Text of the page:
From my perspective, the Photon is a reasonably priced module and can be easily connected to Particle's cloud after some basic connections, but if you want to accomplish something useful subsequent to initializing you'll need to understand Particle's SDK object oriented programming concepts. Although redundantly stated, don't expect to learn these concepts from Particle's documentation for the above stated reasons, and don't expect much of anything from their customer service. On the other hand, if you're fluent in all the nuances of OOP you'll probably be able to muddle through.
In my opinion the focus appears to be on organizations that purchase large lots of Photons. In other words, the hobbyist stands on the bottom rung of the ladder. So before making the decision to use the Photon in a project make sure you consider your end state. If you're someone like me who needs thorough documentation as a springboard you'll probably be disappointed. It's too bad because the Photon is promising but trying to go cheap on customer service, ignoring needed updates when Apple switches gears in Swift, and not explaining in detail how to integrate their SDK will leave many scratching their heads. Realistically speaking they are not staffed to keep up with it all and with new IoT modules popping up frequently this could lead to their demise. Some other company understanding the importance of nurturing the novice will come along and fill the void.
Finally, I believe Particle started out of the right foot but it's now obvious that their early success got in front of them. I strongly recommend that they put the needed effort into shoring up its documentation with emphasis toward the novice. Hopefully, they come to realize that this part of the business is what builds a foundation and creates a loyal following. The other side of the coin is a degradation of loyalty and a slow migration to a more user friendly system.
For the record I am a fairly confident C programmer with some basic object oriented experience. I don't expect Particle to be responsible for teaching OOP to new customers. However, I do believe it's their charge to adequately explain how their SDK integrates into Swift along with the necessary examples to make it work. The emphasis needs to be on the lowest common denominator, hence the novice. For example, bridging files, dependencies, importing, file structure etc. These important concepts are the building blocks or springboard for the novice to start from. Without this foundation or put another way without complete knowledge of these basics frustration sets in. OOP concepts can be learned from many different sources but the mechanics of Particle's SDK can only be explained by Particle.
How does one disable the red power LED on the board? I like to use these in bedrooms and the red LED light is something I'd like to turn off. The RGB LED is Particle IDE configurable so I can either dim it really low or turn it off, but the red LED is somewhat annoying.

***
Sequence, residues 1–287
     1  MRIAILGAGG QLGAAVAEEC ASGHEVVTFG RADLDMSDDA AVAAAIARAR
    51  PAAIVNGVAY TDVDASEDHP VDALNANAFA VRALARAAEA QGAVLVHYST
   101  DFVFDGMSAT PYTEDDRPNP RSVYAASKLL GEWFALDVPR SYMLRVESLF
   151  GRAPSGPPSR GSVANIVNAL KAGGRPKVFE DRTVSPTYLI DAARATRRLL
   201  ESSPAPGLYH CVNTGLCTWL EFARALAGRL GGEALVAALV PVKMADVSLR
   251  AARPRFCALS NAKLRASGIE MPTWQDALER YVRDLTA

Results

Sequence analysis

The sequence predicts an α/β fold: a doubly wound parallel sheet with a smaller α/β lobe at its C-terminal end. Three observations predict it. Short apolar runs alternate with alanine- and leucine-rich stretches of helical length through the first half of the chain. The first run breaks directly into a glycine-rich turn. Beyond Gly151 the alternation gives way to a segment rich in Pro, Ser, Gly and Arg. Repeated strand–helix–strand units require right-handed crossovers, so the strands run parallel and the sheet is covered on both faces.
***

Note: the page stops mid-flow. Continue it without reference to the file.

There's a jumper to disconnect the power LED on the bottom side of the board -- it's labeled "PWR LED". Just grab a hobby knife, and slice the trace between the two solder pads to disconnect it.
I don't have the board but I assume the led connects directly to the power rail. If this is the case and there is no jumper then perhaps you could just put a piece of black tape over it. A more radical approach would be to cut the trace but then you won't have any visual that the module is active.
Am I crazy to want this to work with the Ardumoto - Motor Driver Shields? I don't the think the "11,12,13" pins on that board would work.
And as for the online IDE, that might be a plus for some folks.
Context: I'm a teacher/maker and having been building a new set of recommendations and ideas for some other teachers to use. For kids that only have access to Chomebooks the online IDE could be really nice. AND not needing wires in the classroom, even better!
When will an SMD version, closer to the RedBoard, come out? I would like to know because I prefer SMD to PTH.
Let me second Member #679961's objection to cloud based software development. It simply adds another layer of things to encumber the development process with no discernible benefit. I don't get the fascination some people seem to have with moving essentially local tasks off of their computer and into the cloud. It is a bit like falling so in love with using wrenches that you start using them to drive nails. /rant mode off
The Particle Cloud compiler / Web IDE / etc are not required to use this device. You can always compile locally, flash locally, and use the device w/o the internet
Let's not loose perspective that the SparkFun Photon RedBoard is an advanced WiFi microcontroller with cloud capability built-in at a very attractive price. The best part is that I can update my firmware on the Photon, after it has already shipped, from across the country in a matter of seconds. Try and do that with your Arduino-based RedBoard. You're missing the bigger picture.